It’s not a sin to feel inadequate or have doubts. Jesus told us to count the cost of following him before committing to do so because he knows it will be the biggest commitment of our lives. We’re called to carry our crosses and we look to the cross of Jesus to recognize that this is no small thing. Jesus gave up his life for our sin and he calls us to now give him our entire life in return. Our hope lies in the resurrection, knowing that Jesus is powerful enough to give us whatever we need in any circumstances to follow his call and be the persons and church he has created us to be. Our strength lies in Pentecost and the coming of the Holy Spirit to give us what we need to accomplish Jesus’ call to love God with everything we are, to love our neighbours and to make disciples.

Question: do you really believe that God will give, or has given you what you need to be his church here in Lacombe to follow his call to love our neighbours as ourselves and to make disciples? What do you feel you need?

When Jesus and the Holy Spirit call us, it’s not because we’re so special or have special gifts; what Jesus is looking for is faithfulness and trust that he will give us what we need to do what he’s asking us to. It’s important that Jesus calls us to be part of a community, that we are never called alone. God tells Moses “Your brother Aaron is already on his way to meet you, and he will be glad to se you. You shall speak to him and put words in his mouth; I will help both of you to speak and will teach you what to do.” Healthy Christians consistently reflect on themselves and look at who they are, their lives and actions, and their relationship with Jesus. You will never be perfect; what Jesus is looking for is a willingness to allow the Spirit to lead you and shape you. Jesus is looking for your openness to keep growing and maturing, to anchor yourself in Jesus. When you look at Jesus’ disciples, none of them were special in any way, but they were willing to trust and obey and follow the Holy Spirit’s leading.
All week I’ve been thinking, reading and praying about how to respond to the unrest and injustice of the time we’re in. I don’t have a lot of answers, I’ve felt Moses’ uncertainty, and yet, as followers of Jesus, we cannot remain silent, nor can we refuse to act. How, I don’t know yet, but this is when we need to really start listening to understand the experiences of our black, First Nations, Korean and other minorities, and then humbly ask how to work towards a just, righteous society that reflects the kingdom of God.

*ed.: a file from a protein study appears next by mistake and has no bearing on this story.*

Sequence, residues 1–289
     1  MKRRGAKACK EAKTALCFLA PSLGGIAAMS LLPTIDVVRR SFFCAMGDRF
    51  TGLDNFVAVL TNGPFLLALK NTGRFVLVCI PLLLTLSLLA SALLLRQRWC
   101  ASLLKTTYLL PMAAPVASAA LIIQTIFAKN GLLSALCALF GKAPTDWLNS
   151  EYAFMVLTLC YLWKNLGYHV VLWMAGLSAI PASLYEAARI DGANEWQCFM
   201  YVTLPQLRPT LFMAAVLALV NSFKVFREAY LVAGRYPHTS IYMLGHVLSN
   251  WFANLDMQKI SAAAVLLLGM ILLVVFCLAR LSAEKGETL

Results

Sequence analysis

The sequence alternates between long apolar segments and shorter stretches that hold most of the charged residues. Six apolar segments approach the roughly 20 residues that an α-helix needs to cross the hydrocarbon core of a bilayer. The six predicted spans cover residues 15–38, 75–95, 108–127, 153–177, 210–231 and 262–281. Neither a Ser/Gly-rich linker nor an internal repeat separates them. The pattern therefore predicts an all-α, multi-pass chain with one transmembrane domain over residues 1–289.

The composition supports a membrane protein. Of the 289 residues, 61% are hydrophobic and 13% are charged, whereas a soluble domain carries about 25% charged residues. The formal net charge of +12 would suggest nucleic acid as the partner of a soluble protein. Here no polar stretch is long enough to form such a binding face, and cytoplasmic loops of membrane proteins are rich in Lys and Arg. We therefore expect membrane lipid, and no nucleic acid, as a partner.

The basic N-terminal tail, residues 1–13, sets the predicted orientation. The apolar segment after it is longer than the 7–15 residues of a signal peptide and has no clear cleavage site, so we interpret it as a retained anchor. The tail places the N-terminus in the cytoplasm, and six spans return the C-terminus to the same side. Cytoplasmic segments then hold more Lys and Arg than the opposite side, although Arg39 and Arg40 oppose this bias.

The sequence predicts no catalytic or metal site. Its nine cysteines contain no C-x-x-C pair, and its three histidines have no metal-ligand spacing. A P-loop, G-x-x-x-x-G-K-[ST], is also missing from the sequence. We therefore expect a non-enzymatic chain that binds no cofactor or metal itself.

Saturday, 30 May 2020

Acts 2:1-41 "What Shall We Do?"


Today we're celebrating Pentecost. How many of you knew it was Pentecost when you got up this morning and thanked God for this special day? Pentecost is not celebrated like Christmas or Easter where we can see in our mind's eye what is happening because Jesus is physically present as a child or God raising him up from the grave. On Pentecost Jesus is also present, but not in a way we can physically see him, this is the day of his Spirit coming, the day of the Holy Spirit. Pentecost is not a new festival; the Jews celebrated Pentecost 50 days after Passover to remember the gift of God's Law given to them at Sinai after they left Egypt and slavery. God gave them the Law to shape them into his people and into his image as a people distinct from the other nations of the world. It was one of the more popular festivals for the Jews to attend because it came at a good time of the year for traveling.
The disciples are all together in a house in Jerusalem because Jesus had told them to stay in Jerusalem. Luke writes in chapter 1, "On one occasion, while Jesus was eating with them, he gave them this command: “Do not leave Jerusalem, but wait for the gift my Father promised, which you have heard me speak about. For John baptized with water, but in a few days you will be baptized with the Holy Spirit." While the disciples are all together, a sound like a violent wind blowing came from heaven and filled the house. In Greek and Hebrew, the words for wind, spirit and breath are the same. Because we live after this happened, we can translate this as, "Suddenly a sound like the blowing of a violent wind, spirit, or breath came from heaven." It fascinates me that they understood right away that this is a God thing, something coming from heaven.